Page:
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Introduction

In The Name of Allah, The Beneficent The Merciful
(1)

Imam Abu Muhammad al-Hasan bin Ali al-Askari (a.s.) is the eleventh imam of the infallible imams of the Ahlul Bayt (a.s.). The blessed and pious Imams carried the banner of Islam, undertook the goals of the religion, sacrificed their lives into its way, and accustomed themselves to face disasters, difficulties, and hardship to spread the high values and goals of this religion. Indeed, just how many favors have they bestowed upon Muslims!

This great imam had intellectual, scientific talents, and abilities that made him without dispute an intellectual genius among men. He was one of the heroes of history by his resisting the various challenges and standing up against the deviate and oppressive Abbasid rule. He rebelled against the corruptive regimes and spared no effort in achieving truth and justice among people.

(2)

Imam Abu Muhammad (a.s.) was like his fathers in his tendencies and aims. Indeed, they all were like each other in reaching the highest ranks of virtue and perfection.

Historians have claimed he was the most knowledgeable one in the religious verdicts and affairs and that all scholars and ‘Ulama’ (scholars) of his age were in need of him to ladle from the fount of his knowledge and sciences.

He was the most devoted, pious worshipper of all people of his time. He preferred the obedience of Allah to everything. He was the most patient and forbearing one. He suppressed his anger and pardoned whoever wronged him. He was the most generous, the kindest to the poor, and the most charitable to the needy. He appointed agents in many countries of the Islamic world entrusting them with the distributing of the legal dues, which came to him, among the poor and the weak of Muslims to get them out of their poverty and deprivation, whereas he himself lived like the poor. He paid no attention to the pleasures and desires of this life, like his fathers who turned their backs to this world and turned completely towards Allah and the after-world.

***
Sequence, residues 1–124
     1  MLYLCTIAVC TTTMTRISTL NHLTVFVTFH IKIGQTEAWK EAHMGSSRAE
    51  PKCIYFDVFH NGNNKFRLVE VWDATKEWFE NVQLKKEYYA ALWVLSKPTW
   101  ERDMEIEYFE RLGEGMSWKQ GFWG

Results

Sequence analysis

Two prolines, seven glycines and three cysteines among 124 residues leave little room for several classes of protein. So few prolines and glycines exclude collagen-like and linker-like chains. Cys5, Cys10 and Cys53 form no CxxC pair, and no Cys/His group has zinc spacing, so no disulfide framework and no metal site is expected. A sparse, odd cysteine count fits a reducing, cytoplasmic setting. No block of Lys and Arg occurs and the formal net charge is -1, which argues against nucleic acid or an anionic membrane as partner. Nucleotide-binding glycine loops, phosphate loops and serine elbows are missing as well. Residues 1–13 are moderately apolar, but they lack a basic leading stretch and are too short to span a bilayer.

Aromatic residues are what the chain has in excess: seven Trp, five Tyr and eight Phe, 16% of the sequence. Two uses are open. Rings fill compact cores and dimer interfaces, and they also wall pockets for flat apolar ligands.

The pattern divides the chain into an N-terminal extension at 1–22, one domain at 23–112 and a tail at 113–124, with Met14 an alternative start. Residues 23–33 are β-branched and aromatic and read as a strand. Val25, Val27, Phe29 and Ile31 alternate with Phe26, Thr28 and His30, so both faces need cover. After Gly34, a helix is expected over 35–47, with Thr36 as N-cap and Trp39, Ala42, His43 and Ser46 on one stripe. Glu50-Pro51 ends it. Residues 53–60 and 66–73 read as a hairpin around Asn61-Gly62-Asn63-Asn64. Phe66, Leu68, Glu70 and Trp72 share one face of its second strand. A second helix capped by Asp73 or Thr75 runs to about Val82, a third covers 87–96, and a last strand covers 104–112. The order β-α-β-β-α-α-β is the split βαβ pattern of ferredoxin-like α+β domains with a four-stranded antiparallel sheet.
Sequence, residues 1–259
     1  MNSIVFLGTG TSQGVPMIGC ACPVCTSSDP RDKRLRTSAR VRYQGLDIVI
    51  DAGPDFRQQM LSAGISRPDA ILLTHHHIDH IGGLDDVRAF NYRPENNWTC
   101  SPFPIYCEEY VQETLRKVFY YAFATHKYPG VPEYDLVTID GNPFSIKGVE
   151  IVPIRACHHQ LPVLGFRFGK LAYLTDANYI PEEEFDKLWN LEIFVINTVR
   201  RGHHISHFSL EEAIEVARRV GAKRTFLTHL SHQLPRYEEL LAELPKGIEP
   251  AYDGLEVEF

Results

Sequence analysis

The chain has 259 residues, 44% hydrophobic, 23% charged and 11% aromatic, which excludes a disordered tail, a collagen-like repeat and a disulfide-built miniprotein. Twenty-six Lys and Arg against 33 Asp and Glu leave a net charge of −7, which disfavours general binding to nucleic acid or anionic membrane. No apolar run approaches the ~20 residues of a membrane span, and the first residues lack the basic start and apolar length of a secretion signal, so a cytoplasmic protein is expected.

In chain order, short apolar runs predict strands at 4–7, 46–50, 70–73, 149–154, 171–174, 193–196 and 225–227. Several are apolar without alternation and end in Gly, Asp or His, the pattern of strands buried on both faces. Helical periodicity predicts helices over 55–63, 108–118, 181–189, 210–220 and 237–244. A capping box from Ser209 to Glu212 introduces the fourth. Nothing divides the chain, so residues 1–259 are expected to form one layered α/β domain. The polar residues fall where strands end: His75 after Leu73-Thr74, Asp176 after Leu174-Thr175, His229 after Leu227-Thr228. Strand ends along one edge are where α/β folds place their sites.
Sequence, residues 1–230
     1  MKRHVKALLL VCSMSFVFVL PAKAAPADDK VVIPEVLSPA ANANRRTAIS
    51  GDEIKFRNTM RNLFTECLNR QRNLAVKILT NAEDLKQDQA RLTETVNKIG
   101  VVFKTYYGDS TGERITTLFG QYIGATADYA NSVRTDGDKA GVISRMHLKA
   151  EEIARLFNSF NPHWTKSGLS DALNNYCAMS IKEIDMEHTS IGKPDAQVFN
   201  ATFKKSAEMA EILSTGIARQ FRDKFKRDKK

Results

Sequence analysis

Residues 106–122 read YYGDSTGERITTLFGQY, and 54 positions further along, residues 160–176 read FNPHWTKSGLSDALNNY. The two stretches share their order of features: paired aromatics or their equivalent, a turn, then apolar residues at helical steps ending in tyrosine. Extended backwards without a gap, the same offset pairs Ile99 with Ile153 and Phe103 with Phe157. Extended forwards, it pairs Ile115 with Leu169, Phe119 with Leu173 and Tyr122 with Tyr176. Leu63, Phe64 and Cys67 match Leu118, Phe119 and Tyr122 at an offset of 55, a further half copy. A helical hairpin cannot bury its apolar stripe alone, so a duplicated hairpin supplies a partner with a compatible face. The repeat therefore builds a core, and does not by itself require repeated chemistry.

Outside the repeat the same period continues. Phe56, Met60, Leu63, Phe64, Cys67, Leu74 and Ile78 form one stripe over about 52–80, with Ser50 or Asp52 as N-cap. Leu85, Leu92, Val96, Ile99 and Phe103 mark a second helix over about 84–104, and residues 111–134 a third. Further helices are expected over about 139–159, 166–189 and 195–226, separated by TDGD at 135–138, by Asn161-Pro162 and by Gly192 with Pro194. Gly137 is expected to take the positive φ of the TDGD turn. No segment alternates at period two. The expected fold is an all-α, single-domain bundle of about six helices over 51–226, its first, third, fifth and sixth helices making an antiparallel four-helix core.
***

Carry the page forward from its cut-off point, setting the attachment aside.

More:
(3)

Historians mention that all people glorified and honored Imam al-Askari (a.s.), and acknowledged his virtue and preference to all of the Alawids and the Abbasids at his time. When the imam (a.s.) came to the Abbasid royal palace, every one of the attendants stood up and bowed glorifying him. Viziers, clerks, army leaders, and all statesmen regarded him so highly. Al-Fatah bin Khaqan, the prime minister of al-Mutawakkil, preferred Imam al-Hasan al-Askari (a.s.) to all eminent scholars and ‘Ulama’, and acknowledged that no one had the virtues and qualities that the imam (a.s.) had at that time.

(4)

It was natural that the nation, with all classes, regarded and glorified Imam Abu Muhammad (a.s.) for they saw his guidance, piety, righteousness, asceticism, loyalty to the truth, and devotedness to Allah. They were certain that he was the caliph of Allah on Earth, and the only representative of his grandfather the great Prophet (s.a.w.w.). In addition to that, Imam al-Hasan al-Askari (a.s.) undertook the fatal issues of the Islamic nation, and defended the rights of Muslims. He criticized the rulers of his time for wronging people and disregarding their rights. Therefore, the nation glorified him and acknowledged his necessary leadership.

(5)

The Abbasid kings became displeased when they saw and heard that the masses glorified Imam al-Hasan al-Askari (a.s.), and that great numbers of Muslims believed in his Imamate and thought that he was worthier of the caliphate than the Abbasids who had no quality that might make them fit for the Islamic caliphate. Spite against the Imam (a.s.) filled the hearts of the Abbasid rulers who took severe procedures against him.

They imposed an economic blockade against him, and put him under house arrest in Samarra’. They surrounded him with policemen and detectives to watch his every breath. They subjected every one who contacted him to severe penalties. This was - as I think - the reason for why only a few narrators narrate traditions from him, and so not many maxims, literatures, and religious rulings were transmitted from him.

(6)

There was another very sensitive reason that led the Abbasids to watch Imam al-Hasan al-Askari (a.s.) strictly. It was that Imam al-Hasan al-Askari (a.s.) was the father of Imam Muhammad al-Mahdi (a.s.), the awaited savior and reformer who would fill the world with justice, and would destroy oppressors and oppression.

The Prophet (s.a.w.w.) and his guardians gave good tidings about him, and told the nation that this savior would spread political and social justice on Earth, and all Muslims of different traditions believed this.